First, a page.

The New Jersey Supreme Court has also recognized the existence of the community caretaking exception to the warrant requirement. Most of these scenarios concern fact patterns where individuals are driving extremely slow late at night leading officers to believe something is wrong. In these situations, it is reasonable for officers to believe that something is wrong with the car, something is wrong with the driver, or that the vehicle could constitute a hazard to other motorists. Each of these situations is justified under the community caretaking exception to the warrant requirement.

In State v. Washington, 296 N.J. Super 569 (App. Div. 1997), the observations of the arresting officer involved a vehicle that was weaving within the lane of travel and proceeding at a speed which was nine miles per hour below the posted speed limit. The court ruled that the traffic stop of the vehicle was justified based on the community caretaking exception. The court noted that the objective basis upon which to consider traffic stops under this exception is based upon the totality of the circumstances. Although weaving within the lane may not technically be a motor vehicle violation, the driving conduct offers sufficient justification for the officer to conduct a motor vehicle stop. Vehicles operated in this manner may constitute a danger to other motorists. In addition, there may be something wrong with the driver or the vehicle itself.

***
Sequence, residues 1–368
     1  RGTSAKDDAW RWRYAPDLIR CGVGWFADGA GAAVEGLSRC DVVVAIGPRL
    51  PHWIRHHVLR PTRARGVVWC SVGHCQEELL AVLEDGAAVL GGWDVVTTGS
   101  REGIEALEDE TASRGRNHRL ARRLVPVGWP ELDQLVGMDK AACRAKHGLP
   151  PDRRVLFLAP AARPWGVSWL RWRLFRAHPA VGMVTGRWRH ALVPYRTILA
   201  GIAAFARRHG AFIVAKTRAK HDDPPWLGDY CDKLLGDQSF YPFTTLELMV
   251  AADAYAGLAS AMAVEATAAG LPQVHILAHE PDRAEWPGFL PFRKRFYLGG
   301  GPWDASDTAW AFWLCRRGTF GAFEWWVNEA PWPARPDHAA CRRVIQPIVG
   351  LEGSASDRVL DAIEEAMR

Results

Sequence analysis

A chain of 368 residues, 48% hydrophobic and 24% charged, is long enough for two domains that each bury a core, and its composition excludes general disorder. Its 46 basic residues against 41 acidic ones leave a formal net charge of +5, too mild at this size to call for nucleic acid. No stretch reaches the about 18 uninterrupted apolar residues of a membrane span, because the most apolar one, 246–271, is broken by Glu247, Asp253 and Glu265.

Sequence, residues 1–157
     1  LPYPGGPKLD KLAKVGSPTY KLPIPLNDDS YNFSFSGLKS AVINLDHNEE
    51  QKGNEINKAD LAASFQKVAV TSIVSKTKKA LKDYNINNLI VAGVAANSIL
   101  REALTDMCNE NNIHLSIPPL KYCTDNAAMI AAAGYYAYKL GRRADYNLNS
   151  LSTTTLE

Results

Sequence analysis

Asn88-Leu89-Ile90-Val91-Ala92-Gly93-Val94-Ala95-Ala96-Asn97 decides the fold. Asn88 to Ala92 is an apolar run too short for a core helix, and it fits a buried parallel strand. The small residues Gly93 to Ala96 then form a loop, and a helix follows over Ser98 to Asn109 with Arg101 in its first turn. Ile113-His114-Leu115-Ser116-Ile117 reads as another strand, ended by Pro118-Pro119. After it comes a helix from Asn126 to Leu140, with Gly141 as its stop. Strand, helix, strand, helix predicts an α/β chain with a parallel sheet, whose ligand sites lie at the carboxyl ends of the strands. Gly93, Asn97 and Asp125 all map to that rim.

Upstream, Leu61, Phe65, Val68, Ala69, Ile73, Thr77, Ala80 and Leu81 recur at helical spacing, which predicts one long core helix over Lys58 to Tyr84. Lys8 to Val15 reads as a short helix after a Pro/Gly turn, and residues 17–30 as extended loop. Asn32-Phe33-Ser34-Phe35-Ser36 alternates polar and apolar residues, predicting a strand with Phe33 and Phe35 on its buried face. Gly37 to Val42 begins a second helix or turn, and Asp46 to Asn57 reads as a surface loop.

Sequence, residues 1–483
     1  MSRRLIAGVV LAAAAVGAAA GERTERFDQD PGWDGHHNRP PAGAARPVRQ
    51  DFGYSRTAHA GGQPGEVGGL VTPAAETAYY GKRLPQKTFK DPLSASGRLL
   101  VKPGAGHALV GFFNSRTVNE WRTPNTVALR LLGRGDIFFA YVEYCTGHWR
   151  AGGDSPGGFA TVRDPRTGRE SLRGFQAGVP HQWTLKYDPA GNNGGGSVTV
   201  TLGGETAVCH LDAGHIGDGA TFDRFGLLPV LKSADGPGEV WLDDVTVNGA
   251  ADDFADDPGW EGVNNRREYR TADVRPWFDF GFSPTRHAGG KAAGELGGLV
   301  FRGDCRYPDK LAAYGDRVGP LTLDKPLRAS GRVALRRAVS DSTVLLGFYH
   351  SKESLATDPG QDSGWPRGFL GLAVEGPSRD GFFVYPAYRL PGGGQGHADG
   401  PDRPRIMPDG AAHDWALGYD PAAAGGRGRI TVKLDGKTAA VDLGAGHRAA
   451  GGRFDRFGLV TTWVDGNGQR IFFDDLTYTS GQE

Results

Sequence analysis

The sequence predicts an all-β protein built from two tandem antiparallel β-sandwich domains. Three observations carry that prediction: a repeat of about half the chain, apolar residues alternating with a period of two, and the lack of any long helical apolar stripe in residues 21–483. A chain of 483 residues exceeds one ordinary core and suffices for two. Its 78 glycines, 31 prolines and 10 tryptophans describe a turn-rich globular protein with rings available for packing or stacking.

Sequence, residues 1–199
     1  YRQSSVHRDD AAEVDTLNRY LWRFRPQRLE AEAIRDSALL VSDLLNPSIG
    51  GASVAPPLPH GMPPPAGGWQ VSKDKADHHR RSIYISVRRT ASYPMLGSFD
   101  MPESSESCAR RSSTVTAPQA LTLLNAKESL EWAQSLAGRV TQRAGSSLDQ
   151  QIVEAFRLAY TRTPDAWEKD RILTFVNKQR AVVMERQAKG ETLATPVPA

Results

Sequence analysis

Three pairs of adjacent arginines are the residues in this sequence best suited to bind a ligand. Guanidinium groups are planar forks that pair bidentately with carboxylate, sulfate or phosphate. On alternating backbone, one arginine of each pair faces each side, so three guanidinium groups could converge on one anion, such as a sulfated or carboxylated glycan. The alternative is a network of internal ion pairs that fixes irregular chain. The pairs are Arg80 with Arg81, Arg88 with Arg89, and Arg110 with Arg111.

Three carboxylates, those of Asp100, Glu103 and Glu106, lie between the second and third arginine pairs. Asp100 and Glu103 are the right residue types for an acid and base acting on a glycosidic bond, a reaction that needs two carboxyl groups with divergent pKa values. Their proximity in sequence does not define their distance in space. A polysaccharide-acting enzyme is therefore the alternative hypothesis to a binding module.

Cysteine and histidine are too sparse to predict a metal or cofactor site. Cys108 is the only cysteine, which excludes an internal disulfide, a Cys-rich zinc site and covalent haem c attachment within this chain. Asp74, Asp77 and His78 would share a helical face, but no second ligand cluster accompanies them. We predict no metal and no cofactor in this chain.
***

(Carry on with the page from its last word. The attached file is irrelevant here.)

Apart from the drunk driving context, New Jersey case law has held that the community caretaking exception will also justify a limited search based on concerns for public safety. In State v. Diloreto, 180 N.J. 264 (2004), the New Jersey Supreme Court ruled that the police were justified in performing a pat-down search of a purportedly missing and endangered person. The justification for the search was based on the officers concerns that the endangered person might seek to injure himself or the police.